—Kirby Humphries, retired, Walmart Distribution Center

“I was walking back from the gym at Brookhaven High School when I met a fellow student, and I remember him saying, “We’ve lost our president.” I later watched all the footage of his wife in the limo, the impact of the bullet. It’s a very vivid memory, much like 9/11, when we watched the second plane hit the tower.”

—Steve Moreton, Brookhaven director of public works

“I was at home in Chicago combing my daughter’s hair when the news came over the television. I was upset and crying like everybody else. I watched Oswald get killed, and I remember watching the President’s funeral, too. It was very sad because the Kennedy family contributed a lot to the United States.”

—Bernetta Character, retired United State Postal Service postmaster

“I was in school in Birmingham, Ala. I was about 10 years old, so all I really remember is school was turned out, and we went home. Looking back, I can see how the shock of it all had a great effect on America, and the events that followed certainly did, too.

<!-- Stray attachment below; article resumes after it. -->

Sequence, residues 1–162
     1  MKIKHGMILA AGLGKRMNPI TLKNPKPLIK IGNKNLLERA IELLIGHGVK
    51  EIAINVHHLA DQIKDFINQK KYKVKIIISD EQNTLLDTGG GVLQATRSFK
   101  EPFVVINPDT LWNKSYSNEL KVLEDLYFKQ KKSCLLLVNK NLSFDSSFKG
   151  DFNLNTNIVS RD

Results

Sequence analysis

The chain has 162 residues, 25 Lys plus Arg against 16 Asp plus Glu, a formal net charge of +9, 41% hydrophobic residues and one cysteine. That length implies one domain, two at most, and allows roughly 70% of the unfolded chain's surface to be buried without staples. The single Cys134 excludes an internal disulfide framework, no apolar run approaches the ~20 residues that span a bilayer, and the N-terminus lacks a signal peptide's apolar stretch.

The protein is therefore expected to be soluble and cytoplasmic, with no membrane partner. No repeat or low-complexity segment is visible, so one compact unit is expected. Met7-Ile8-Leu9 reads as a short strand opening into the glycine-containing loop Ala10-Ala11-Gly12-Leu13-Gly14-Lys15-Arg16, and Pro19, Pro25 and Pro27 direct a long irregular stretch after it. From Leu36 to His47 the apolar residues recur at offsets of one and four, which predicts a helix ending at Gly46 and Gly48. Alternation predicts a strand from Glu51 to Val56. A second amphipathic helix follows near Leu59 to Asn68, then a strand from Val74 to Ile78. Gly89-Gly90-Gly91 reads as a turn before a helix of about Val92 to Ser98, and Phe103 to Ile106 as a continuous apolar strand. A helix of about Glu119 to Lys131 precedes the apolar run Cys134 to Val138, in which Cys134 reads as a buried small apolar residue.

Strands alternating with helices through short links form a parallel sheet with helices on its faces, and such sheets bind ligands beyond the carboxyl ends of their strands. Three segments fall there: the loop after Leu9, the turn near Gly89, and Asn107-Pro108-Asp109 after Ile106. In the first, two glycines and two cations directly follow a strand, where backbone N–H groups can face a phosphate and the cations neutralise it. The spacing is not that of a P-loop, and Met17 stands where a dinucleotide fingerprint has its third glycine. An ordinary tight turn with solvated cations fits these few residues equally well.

—Michael Jinks, Brookhaven city clerk

“I was a third-grade teacher at Mullins Elementary, and I remember the principal, Mr. Dow, came down the hall and told us the president had been shot. Later we learned he was dead. There was chaos everywhere. There were riots. People were venting.”

—Flora Kelly, retired Brookhaven kindergarten principal

“I was in Los Angeles, Calif., in my apartment living room. I was only 20 and just learning to pick up on what was going on in the country, and there was a lot going on in the ’60s. When I saw the news on TV, it felt like I had been shot. To lose a president who was straightening things out with Cuba and Russia – it felt like a bomb had been dropped. When Kennedy came on board it seemed like congressmen and senators were coming together. I just wondered, where are we going now?”

—Terry Bates, Ward 2 alderman